Tapering Specifics

The journal the Mental Health Clinician recommends reducing the fentanyl dosage by half every six days or by a quarter every 15 days until the drug can be safely discontinued. The prescribing information for Duragesic, the brand name for the transdermal patch form of fentanyl, warns that withdrawal symptoms can still occur during a taper, and medical professionals may need to adjust dosage as needed. This can mean that the dosage will need to be decreased more slowly, or a person may even need to go back to the previous amount for some time to control the side effects.

Since fentanyl is a potent and rapid-acting opioid, it also may regularly be replaced with a longer-acting and less potent opioid during a taper. As a result, a lowered dosage can be given in fewer doses. A long-acting opioid like methadone or buprenorphine stays in the body for a longer period than fentanyl does, meaning these medications won’t need to be taken as often as fentanyl would. These opioids are also not as potent as fentanyl, so they are less likely to be targeted for misuse. Buprenorphine is only a partial opioid agonist, which means it doesn’t fully activate the opioid receptors in the brain, and therefore does not cause the same high that fentanyl can.

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The idea of an opioid taper is to allow the brain to regulate without fentanyl after it has become dependent on it. The brain will need time to heal and learn how to balance its chemistry without the interaction of the powerful opioid. Keeping a small dosage of an opioid in the system during a taper can help to minimize the withdrawal symptoms. A medical professional can best determine how much and what type of opioid to use during a taper.

How Medical Detox Helps

Medical detox is a structured program in which a person generally will stay in a controlled environment for about a week or longer, depending on the severity of the addiction. It is the safest way to discontinue fentanyl. As an extremely potent opioid with a high risk for overdose, it is not safe to attempt to control dosage at home. The odds for overdose and relapse during withdrawal are high.

Addiction is considered to be a relapsing and chronic disease. The National Institute on Drug Abuse (NIDA) warns that relapse rates for drug addiction are as high as 40 to 60 percent – the same as they are for other chronic illnesses like asthma and hypertension.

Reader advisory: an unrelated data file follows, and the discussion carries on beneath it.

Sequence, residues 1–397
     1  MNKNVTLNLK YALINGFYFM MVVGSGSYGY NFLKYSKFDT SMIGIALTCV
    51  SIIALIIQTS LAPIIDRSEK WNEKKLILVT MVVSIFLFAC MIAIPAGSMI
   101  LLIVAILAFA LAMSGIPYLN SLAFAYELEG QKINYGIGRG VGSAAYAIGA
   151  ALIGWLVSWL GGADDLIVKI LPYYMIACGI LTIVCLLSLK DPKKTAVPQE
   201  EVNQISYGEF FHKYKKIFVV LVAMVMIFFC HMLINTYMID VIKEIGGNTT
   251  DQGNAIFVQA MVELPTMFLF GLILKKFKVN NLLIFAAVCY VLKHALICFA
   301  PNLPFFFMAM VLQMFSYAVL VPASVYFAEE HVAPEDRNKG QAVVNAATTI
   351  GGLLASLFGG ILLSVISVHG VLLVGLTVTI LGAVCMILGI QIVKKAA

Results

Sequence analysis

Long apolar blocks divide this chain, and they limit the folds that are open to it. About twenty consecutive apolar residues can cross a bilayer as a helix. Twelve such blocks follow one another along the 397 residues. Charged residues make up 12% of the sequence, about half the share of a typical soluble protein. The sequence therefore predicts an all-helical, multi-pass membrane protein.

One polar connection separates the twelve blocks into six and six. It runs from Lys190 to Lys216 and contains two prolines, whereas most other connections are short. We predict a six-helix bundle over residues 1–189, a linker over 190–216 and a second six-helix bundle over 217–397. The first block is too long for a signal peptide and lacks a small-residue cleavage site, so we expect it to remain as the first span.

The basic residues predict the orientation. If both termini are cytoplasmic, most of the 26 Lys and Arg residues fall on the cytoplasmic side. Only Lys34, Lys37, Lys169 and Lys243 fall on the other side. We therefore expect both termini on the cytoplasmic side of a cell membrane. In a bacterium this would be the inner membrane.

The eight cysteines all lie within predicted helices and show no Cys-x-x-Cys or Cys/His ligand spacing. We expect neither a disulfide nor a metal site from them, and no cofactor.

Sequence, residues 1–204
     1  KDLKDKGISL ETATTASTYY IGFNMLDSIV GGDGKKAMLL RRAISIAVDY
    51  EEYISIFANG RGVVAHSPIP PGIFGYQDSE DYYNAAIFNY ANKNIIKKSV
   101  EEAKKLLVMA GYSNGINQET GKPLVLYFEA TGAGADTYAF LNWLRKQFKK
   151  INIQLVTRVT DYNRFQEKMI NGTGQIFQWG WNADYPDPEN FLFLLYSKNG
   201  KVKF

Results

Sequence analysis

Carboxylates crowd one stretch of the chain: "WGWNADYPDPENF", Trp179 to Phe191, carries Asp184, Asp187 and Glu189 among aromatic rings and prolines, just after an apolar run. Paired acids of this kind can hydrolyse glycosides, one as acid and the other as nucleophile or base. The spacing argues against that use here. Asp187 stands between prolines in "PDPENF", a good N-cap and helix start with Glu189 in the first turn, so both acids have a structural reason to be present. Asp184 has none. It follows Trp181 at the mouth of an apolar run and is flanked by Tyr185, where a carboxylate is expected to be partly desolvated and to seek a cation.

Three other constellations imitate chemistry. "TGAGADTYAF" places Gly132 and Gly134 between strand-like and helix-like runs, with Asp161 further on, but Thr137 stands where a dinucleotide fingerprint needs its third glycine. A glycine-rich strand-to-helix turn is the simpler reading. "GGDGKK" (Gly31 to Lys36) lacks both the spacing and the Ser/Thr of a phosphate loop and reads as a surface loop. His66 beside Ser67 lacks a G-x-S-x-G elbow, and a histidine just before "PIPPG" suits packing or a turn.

medical professional providing detox

After stopping fentanyl for any period, the brain will begin to rebalance itself. A return to taking it at previous levels can quickly lead to a life-threatening overdose. Medical detox can provide the time and space for brain chemistry to regulate safely while working to minimize relapse through encouragement and therapeutic support.

Medical detox can provide many benefits during a fentanyl taper. Among them are:

BENEFITS OF MEDICAL DETOX

  •  Constant supervision and medical monitoring of vital signs and symptoms of withdrawal
  •  Mental health support
  •  Relapse prevention tools and coping skills
  •  Management of any complications, including those brought on by the presence of additional drugs and/or alcohol
  •  Medication management for the control of withdrawal symptoms and cravings
  • A safe, stable, and secure environment
  • Management of any complications, including those brought on by the presence of additional drugs and/or alcohol

This kind of detox provides a high level of medical and mental health support during a fentanyl taper, and it helps a person to reach a safe level of physical stability. Once physical balance is achieved through medical detox, admission into an addiction treatment should be the next step.

Many comprehensive and specialized addiction treatment facilities allow for seamless transitions between detox and treatment that will include supportive and therapeutic methods for recovery. In this way, medications can continue to be monitored and managed as needed during treatment. Drug cravings and some of the emotional side effects of fentanyl withdrawal can persist beyond medical detox, and an inclusive treatment program can manage these going forward.

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SOURCES

(January 2018) Tapering Off Opioids: When and How. Mayo Clinic. Retrieved from https://www.mayoclinic.org/diseases-conditions/prescription-drug-abuse/in-depth/tapering-off-opioids-when-and-how/art-20386036

(October 2017) This Is Fentanyl: A Visual Guide. CNN. Retrieved from https://www.cnn.com/2017/10/24/health/fentanyl-visual-guide/index.html

(August 2018) Opiate and Opioid Withdrawal. National Library of Medicine. Retrieved from https://medlineplus.gov/ency/article/000949.htm

(2010) Protracted Withdrawal. Substance Abuse and Mental Health Services Administration. Retrieved from https://store.samhsa.gov/shin/content/SMA10-4554/SMA10-4554.pdf

(May 2015) A Practical Guide to Tapering Opioids. Mental Health Clinician. Retrieved from http://mhc.cpnp.org/doi/full/10.9740/mhc.2015.05.102?code=cpnp-site

(July 2018) Drugs, Brains, and Behavior: The Science of Addiction. National Institute on Drug Abuse. Retrieved from https://www.drugabuse.gov/publications/drugs-brains-behavior-science-addiction/treatment-recovery